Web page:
Moscow on a sunny, blue-skied, short-sleeve friendly fall day.
Moscow on a sunny, blue-skied, short-sleeve friendly fall day.
Moscow statues... If anyone knows who these guys are, please let me know!
Moscow statues... If anyone knows who these guys are, please let me know!
Kremlin gold.
Kremlin gold.
Naked man art.
More naked man art.
More naked man art.
disney in moscow
Disney at the Red Square...
Outside Gorky's house.
Outside Gorky's house.
Surreal staircase at Gorky's house.
Surreal staircase and chandelier at Gorky's house.
Porta Pottie Art!
Porta Pottie Art!

Moscow Colors, First Impressions

First night in Russia: We arrive at the Domodedovo airport in Moscow at 6pm and take the aerotrain into the city. At the metro station we look for a taxi to take us to our hotel. It's raining, so we pull our raincoats from our bags, which we drag behind us, and wait. Finally, we see a Fiat pull up, the driver pulls a "taxi" cone from the backseat and slips it on the roof of the car. He slaps a checkered yellow and black sticker onto the passenger door and a cardboard sign on the window that says "Free Taxi." He looks at us and grins, gesturing to his "taxi."

We smile awkwardly and shake our heads, turning around, opting for the metro. We lug our suitcases back up the stairs and inside the station and try to make sense out of the words on the signs. I vow to learn Russian. One day soon. For now, unfortunately, I don't know Russian. Neither of us do. Somehow, though, we find our stop.

We walk through the Red Square, dragging luggage and a map, trying to look confident. Everything's in Russian. Have I mentioned we don't speak or read Russian? We've heard stories of frequent tourist muggings here. Wide-eyed, we make it to the hotel. Not such a huge deal we tell each other, through jet-lagged yawns. After dinner we collapse in bed.

Day Two: Today we know our English will get us nowhere. We practice "pajausta" (please) and "spaciba" (thank you) and "toilette"(toilette) and "chliep" (bread). "Vodka" we know. We ride the metro, pretending we're locals, this time without huge suitcases.

We make it to the Patriarch's Pond, the St. Basil Cathedral and Pushkin's Fine Arts Museum. Everything is surreal, hyper-colored architecture against gray skies. We circle for an hour until we finally arrive outside Gorky's Museum to find out it's closed today.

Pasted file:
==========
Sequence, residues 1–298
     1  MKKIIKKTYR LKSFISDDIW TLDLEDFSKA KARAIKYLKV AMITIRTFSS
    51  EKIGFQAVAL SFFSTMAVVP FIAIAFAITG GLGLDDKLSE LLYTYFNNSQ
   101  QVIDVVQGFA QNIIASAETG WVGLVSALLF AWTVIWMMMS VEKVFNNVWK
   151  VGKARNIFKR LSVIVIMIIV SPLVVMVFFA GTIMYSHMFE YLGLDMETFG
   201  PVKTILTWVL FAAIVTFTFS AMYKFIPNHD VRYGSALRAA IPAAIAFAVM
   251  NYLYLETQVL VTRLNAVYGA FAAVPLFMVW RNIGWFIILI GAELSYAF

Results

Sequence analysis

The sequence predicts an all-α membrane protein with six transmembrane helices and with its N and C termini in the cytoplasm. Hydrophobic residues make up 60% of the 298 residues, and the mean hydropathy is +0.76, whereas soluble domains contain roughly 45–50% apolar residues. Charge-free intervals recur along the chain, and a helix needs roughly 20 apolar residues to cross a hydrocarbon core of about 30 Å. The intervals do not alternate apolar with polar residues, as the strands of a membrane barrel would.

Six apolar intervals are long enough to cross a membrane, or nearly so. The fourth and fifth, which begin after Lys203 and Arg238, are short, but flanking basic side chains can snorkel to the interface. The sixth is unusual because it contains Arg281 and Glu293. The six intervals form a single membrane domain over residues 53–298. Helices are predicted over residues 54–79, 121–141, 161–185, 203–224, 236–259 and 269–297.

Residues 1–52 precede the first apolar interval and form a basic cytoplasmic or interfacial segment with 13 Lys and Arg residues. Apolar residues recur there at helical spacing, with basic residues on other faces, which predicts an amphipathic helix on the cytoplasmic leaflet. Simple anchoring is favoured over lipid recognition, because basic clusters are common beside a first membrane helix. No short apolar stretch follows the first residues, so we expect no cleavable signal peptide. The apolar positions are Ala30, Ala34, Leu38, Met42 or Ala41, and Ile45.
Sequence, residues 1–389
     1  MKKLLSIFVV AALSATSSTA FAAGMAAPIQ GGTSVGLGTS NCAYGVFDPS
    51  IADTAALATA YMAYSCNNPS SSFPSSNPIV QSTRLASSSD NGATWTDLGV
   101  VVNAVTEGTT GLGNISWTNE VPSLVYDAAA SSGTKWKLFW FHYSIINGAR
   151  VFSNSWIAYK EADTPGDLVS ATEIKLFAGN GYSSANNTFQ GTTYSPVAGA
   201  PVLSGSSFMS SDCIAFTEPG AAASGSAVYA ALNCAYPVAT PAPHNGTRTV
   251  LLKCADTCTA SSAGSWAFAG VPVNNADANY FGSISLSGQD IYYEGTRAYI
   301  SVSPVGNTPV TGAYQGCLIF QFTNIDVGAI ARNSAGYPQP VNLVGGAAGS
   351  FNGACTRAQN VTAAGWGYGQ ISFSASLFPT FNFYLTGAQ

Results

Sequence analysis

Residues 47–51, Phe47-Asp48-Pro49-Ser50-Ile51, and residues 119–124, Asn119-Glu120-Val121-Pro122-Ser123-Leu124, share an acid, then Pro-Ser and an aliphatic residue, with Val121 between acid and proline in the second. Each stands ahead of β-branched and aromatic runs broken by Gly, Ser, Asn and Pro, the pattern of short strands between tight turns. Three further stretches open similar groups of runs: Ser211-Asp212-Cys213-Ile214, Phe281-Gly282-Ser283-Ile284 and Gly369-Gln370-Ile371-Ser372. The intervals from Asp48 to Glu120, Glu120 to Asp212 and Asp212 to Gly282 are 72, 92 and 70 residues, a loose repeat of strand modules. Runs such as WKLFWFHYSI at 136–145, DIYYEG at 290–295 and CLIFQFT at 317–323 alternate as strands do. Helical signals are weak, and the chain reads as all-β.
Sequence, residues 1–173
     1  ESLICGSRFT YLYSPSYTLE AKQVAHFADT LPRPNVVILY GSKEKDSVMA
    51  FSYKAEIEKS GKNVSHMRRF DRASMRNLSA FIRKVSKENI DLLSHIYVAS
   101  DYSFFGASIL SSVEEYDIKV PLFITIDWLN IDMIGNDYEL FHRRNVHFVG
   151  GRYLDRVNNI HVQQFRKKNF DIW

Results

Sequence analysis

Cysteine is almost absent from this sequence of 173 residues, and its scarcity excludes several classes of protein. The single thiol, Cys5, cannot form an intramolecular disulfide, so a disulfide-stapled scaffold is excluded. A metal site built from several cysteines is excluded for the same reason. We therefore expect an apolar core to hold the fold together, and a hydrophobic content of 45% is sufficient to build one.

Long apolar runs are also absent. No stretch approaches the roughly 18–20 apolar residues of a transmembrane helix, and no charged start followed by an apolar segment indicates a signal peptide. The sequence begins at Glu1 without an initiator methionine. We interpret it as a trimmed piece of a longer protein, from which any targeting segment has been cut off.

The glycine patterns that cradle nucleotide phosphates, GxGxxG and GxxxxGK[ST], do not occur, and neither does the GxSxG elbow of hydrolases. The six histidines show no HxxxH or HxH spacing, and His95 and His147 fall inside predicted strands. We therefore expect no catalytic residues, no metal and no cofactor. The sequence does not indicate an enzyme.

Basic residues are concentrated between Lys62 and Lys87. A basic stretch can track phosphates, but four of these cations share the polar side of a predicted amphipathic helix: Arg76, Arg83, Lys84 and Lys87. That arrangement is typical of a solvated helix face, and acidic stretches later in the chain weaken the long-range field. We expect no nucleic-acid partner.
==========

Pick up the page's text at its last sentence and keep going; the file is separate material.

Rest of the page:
We use sign language with Russians who are happy to go out of their way to help us find ours. At lunch in an Armenian/Russian hookah bar the waiter tells me I have very pretty teeth; he then asks me if they're real. I smile wide for the rest of the day.

Phase one of the trip, the general tourist portion, before the heavy, personal portion, we see color everywhere. But then, that's not a feat here in Moscow.

Love how Moscow manages to be so colorful on the grayest of days.
Love how Moscow manages to be so colorful on the grayest of days.
Colors bleed out to the Porta Potties outside Red Square...
Best looking Porta Potties I've ever seen.
Not much for me to add here.
Yes, historic toilet. Not much for me to add here.
Lunch at the Armenian/Russian hookah bar.
Lunch at the Armenian/Russian hookah bar.
I have to finish reading The Master and Margarita.
Patriarch's Pond, I plan to finish reading Master and the Margarita before I learn to read this sign.
Moscow underground... Bright inside the metro.
Moscow underground...
Mingling with locals in the Moscow metro.
Locals in the Moscow metro.
Change of guards by Tomb of Unknown Soldier.
Change of guards by Tomb of Unknown Soldier.

First Night Out, Moscow Glimmers

First night in Moscow, a drizzling, glimmering night -- adventures to come...
First night in Moscow, a glimmering night -- adventures to come...
A jet-lagged look at Moscow in a drizzle.